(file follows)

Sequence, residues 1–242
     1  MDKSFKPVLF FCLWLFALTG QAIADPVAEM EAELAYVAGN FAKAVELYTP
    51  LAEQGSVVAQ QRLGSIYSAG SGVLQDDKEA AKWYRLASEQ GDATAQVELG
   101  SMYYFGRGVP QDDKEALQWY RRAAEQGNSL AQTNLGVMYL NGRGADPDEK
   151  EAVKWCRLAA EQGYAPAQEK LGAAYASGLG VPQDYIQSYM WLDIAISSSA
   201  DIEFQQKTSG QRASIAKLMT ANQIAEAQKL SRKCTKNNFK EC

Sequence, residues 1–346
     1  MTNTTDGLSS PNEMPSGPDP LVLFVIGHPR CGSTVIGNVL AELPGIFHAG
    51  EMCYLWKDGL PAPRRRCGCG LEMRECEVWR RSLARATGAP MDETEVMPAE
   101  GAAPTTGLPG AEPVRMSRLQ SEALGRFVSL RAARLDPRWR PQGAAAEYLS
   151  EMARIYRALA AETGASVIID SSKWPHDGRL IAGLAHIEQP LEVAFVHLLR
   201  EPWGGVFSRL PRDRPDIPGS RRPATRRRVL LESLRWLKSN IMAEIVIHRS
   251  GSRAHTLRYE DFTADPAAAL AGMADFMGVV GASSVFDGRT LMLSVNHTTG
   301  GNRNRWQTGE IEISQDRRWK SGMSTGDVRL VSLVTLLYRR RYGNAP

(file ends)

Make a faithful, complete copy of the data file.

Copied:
Sequence, residues 1–242
     1  MDKSFKPVLF FCLWLFALTG QAIADPVAEM EAELAYVAGN FAKAVELYTP
    51  LAEQGSVVAQ QRLGSIYSAG SGVLQDDKEA AKWYRLASEQ GDATAQVELG
   101  SMYYFGRGVP QDDKEALQWY RRAAEQGNSL AQTNLGVMYL NGRGADPDEK
   151  EAVKWCRLAA EQGYAPAQEK LGAAYASGLG VPQDYIQSYM WLDIAISSSA
   201  DIEFQQKTSG QRASIAKLMT ANQIAEAQKL SRKCTKNNFK EC

Sequence, residues 1–346
     1  MTNTTDGLSS PNEMPSGPDP LVLFVIGHPR CGSTVIGNVL AELPGIFHAG
    51  EMCYLWKDGL PAPRRRCGCG LEMRECEVWR RSLARATGAP MDETEVMPAE
   101  GAAPTTGLPG AEPVRMSRLQ SEALGRFVSL RAARLDPRWR PQGAAAEYLS
   151  EMARIYRALA AETGASVIID SSKWPHDGRL IAGLAHIEQP LEVAFVHLLR
   201  EPWGGVFSRL PRDRPDIPGS RRPATRRRVL LESLRWLKSN IMAEIVIHRS
   251  GSRAHTLRYE DFTADPAAAL AGMADFMGVV GASSVFDGRT LMLSVNHTTG
   301  GNRNRWQTGE IEISQDRRWK SGMSTGDVRL VSLVTLLYRR RYGNAP